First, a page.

05/10/2007, 00.00
INDIA
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Among Dalits, women are the most humiliated, laments the Indian Church

by Nirmala Carvalho
In welcoming a resolution before the US Congress on India’s caste system, the Bishops’ Conference of India insists on the role education for women can play in Dalit emancipation.

Mumbai (AsiaNews) – India’ Catholic Church has welcomed a resolution introduced on May 2 in the United States Congress by Republican Congressman Trent Franks of Arizona demanding an end to India’s caste system, an “abhorrent form of persecution and segregation” that is particularly harsh on India’s Dalits, especially women. Although the resolution has not yet been adopted, the Catholic Bishops’ Conference of India (CBCI) has expressed its gratitude that the issue has been brought to public attention.

In an interview with AsiaNews, the executive secretary of the CBCI’s Commission on Scheduled Castes and Schedules Tribes, Fr Arokiaraj Cosmon, tried to explain the tragic nature of the caste system, which the resolution highlighted.

“Dalits’ conditions are well-known both at home and abroad,” the priest said. “They are economically and socially ostracised, denied equal access to education and political life. Out of 250 million of them there are 16 million who are twice as penalised because they are Christian.”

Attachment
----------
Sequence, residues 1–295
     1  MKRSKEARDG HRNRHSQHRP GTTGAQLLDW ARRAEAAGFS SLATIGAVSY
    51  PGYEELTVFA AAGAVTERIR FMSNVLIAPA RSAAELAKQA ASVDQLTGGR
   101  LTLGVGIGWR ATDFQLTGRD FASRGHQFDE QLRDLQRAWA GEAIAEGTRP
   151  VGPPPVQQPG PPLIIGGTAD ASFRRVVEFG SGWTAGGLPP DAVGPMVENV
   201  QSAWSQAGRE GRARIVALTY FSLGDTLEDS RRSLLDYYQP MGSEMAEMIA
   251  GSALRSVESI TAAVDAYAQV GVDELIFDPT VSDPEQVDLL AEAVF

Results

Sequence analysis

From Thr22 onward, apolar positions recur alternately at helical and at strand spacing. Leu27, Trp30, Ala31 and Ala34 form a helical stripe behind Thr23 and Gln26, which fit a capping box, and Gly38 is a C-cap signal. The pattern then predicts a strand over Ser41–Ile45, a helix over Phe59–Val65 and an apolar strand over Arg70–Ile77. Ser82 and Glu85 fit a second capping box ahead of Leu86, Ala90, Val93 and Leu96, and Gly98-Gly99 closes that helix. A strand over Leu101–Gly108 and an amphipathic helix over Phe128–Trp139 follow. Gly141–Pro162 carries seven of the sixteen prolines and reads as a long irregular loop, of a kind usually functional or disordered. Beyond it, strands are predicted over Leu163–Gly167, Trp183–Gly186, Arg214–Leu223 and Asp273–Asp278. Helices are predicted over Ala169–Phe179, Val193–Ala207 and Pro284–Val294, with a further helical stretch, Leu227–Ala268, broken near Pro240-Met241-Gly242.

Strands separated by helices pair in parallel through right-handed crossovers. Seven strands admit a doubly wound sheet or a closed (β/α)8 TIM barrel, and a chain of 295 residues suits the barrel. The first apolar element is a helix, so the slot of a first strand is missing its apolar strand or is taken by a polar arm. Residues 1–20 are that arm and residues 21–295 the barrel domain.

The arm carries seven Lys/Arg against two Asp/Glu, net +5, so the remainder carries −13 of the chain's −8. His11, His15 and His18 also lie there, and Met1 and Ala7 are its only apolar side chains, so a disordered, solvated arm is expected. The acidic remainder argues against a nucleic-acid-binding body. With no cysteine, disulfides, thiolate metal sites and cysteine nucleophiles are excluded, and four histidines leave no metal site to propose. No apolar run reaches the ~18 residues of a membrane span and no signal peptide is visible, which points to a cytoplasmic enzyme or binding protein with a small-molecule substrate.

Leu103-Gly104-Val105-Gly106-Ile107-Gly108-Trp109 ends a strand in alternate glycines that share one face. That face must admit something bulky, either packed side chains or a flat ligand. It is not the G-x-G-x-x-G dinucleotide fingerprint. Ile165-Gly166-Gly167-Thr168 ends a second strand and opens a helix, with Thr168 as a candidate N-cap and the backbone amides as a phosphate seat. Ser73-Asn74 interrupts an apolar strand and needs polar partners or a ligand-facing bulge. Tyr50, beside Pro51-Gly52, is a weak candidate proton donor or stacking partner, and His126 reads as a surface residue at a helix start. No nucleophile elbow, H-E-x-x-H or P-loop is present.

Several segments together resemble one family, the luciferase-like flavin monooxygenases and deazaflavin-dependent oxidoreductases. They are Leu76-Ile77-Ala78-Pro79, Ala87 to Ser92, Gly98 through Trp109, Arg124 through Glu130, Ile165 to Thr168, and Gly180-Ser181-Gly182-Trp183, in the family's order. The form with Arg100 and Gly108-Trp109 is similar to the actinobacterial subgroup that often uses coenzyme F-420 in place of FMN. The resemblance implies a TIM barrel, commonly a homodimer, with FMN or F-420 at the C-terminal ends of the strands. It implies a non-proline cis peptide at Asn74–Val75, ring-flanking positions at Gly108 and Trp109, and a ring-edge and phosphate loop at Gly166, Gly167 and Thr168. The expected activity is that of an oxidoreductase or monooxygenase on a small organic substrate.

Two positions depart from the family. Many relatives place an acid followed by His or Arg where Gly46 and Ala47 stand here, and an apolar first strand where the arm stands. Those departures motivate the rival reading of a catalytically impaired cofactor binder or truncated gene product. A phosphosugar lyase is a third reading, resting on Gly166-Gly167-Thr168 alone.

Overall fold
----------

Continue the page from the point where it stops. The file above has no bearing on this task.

Christian but also Muslim Dalits have been fighting for decades to gain the same entitlements reserved for Hindu, Buddhist and Sikh Dalits like reservations and quotas in public sector employment and in schools.

“Most violence visited upon Dalits affects women,” he added. “They cannot report crimes, especially sex crimes, or ask for police assistance because what they say is not taken into consideration. Most lawyers and police officers come from the upper castes and are not well disposed towards victims.”

Father Cosmon insists though that “whilst Dalit women are the most vulnerable group in society, if they can get an education and become aware of their rights, they will be better placed to educate their entire family and contribute to the necessary social and economic empowerment of all Dalits.”

In conclusion, for the clergyman, the country’s development needs the government “to extend quotas to all Dalits without distinction of religion in both the public and private sectors.”

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